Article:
When I quit being a busboy and began instead working at a used bookstore, I still didn’t use the free time wisely. Unlike in a typical job or even while at college, there were no concrete deadlines dangling over my head. It feels awful to be unable to recapture the productivity I embodied as a teenager or while I was in university; but I am learning too to forgive myself.

I am reading again. Mostly short stories. Returning to stories that shocked or changed me, stories that dug under my skin and remained with me. I sought out novels that had done the same. I have been spending entire afternoons on the Edge of America at Folly Beach, reading poems aloud to the Morris Island Lighthouse. I have spent entire days discovering discographies of jazz musicians to whom I’ve never before listened. I am unwrapping the world, and I can’t get it all down. Not all at once.

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But I’m still trying. I have found a good new direction for revising my second novel and needed time away from it to figure out what to do. I am piecing together a poetry collection, which my publisher is currently reviewing. And I’m writing. Not always something I consider good or brilliant. I close my eyes and conjure something incredible in my head that never translates to the page. But I forgive myself for what I could not do, for what I could not write when I could not write. I forgive myself for waking late and sitting too long before blank pages before going to wash the dishes. Because it comes in the middle of the night.

I climb out of bed, something bouncing in the back of my skull. Insistent. An idea. A notion of where to take the story next. I sit down, and I write.

Review for Street Performer Playing a Broken Violin

At first, I found his rendition of “When the Saints Come Marching In” endearing, until I heard the same rendition, scratched out-of-tune against the violin’s abused strings, for the sixth time. He stands on the corner of Wentworth and King, battered case lying at his feet. I, of course, have witnessed street performances from around the world—the immigrant’s trumpet bellows in a walking tunnel in Tuebingen, the one-arm man’s accordion finesse in the city square of Krakow, the instrument-less lament of a Cuban opera singer at Havana’s rum-washed Malecon—and the man in Charleston, SC is not up to snuff.His repertoire is obviously lacking: he shifts between Charlie Brown and other pop standards before reverting back inevitably to “When the Saints Come Marching In.”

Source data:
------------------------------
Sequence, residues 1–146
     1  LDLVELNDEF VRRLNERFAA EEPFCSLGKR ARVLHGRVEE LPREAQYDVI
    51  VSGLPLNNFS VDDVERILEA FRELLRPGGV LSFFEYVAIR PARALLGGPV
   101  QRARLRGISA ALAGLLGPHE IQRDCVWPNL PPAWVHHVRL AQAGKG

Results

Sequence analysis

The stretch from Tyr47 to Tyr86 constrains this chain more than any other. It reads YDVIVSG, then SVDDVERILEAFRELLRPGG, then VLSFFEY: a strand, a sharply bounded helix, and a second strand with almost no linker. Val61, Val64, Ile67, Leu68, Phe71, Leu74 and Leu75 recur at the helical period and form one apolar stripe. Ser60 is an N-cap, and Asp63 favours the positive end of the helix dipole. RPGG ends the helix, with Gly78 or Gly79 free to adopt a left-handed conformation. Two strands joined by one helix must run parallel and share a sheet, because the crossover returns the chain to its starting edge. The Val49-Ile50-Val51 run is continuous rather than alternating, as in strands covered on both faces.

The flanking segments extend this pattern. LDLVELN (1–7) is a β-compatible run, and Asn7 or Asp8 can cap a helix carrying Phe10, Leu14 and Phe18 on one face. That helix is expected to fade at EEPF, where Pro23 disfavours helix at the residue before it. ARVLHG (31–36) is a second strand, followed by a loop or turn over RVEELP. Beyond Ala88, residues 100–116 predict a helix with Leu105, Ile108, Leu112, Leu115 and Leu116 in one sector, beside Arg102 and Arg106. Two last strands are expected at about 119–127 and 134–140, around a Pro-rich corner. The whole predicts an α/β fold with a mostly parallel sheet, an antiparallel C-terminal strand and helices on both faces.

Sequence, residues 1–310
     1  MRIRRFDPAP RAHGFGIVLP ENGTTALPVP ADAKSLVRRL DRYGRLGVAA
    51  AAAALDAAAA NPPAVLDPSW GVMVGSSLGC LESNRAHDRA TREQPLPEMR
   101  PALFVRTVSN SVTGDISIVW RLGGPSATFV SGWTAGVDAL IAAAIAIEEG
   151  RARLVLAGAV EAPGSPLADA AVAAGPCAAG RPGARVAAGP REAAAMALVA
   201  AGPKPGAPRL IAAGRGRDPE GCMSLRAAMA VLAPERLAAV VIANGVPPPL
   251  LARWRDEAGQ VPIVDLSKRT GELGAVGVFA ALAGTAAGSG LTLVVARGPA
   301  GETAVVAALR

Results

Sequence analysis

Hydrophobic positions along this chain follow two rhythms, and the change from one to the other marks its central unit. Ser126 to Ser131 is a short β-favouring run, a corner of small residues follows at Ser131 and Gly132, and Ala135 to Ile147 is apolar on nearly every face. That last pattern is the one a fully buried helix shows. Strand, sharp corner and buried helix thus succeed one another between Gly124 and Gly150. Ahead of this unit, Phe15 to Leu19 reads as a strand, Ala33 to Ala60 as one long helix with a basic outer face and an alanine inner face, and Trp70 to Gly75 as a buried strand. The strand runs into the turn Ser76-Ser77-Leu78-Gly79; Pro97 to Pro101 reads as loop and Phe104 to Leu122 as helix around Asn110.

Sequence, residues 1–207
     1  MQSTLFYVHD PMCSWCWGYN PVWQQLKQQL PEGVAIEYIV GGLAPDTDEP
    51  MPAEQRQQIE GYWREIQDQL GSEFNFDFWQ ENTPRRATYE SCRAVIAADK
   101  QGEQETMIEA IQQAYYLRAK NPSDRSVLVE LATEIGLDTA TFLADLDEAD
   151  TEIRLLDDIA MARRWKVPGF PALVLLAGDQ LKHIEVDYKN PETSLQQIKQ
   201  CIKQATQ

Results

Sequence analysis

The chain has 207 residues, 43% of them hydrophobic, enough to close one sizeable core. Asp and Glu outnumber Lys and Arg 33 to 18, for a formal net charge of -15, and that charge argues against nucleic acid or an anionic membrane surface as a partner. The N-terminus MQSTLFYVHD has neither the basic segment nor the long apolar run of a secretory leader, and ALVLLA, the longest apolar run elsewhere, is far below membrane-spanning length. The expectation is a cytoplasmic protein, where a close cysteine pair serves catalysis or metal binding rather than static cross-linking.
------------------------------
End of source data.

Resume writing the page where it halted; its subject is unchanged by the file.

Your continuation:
Although performing these songs on a broken violin seemed at first avant garde, a stab to establish an atonal surprise for the passerby listeners– the venue itself being remarkably fresh, music that takes place away from the hallowed concert hall. But I conclude that the man simply does not know how to tune his violin nor does he care that the instrument is missing its A-string.

Overall, three out of five stars.

“Banging at the Gates of American Literature”: I’m an Idiot, But Please Take Me Seriously

On Monday I wrote an essay about writing and acted as if I knew what I was doing. I don’t. But I wrote a book. That’s the good news. I wrote a book, but I’m not sure that necessarily means I know anything about writing books. Maybe ask me after the sixth book comes out. Maybe ask me in ten years, and I’ll have adopted a more seraphic ability to disperse writerly wisdom. Until then, I’m an idiot. I’m a very serious idiot who takes writing very seriously, if not many other things in life.

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Imagine I’m the proverbial monkey at the typewriter, and I’ve written enough that something I’ve written is rather good. Perhaps this is an accident, perhaps not. If you do anything for long enough, you get good at it. That’s old wisdom, isn’t it? Isn’t it? I would not know. I’m an idiot who got really lucky.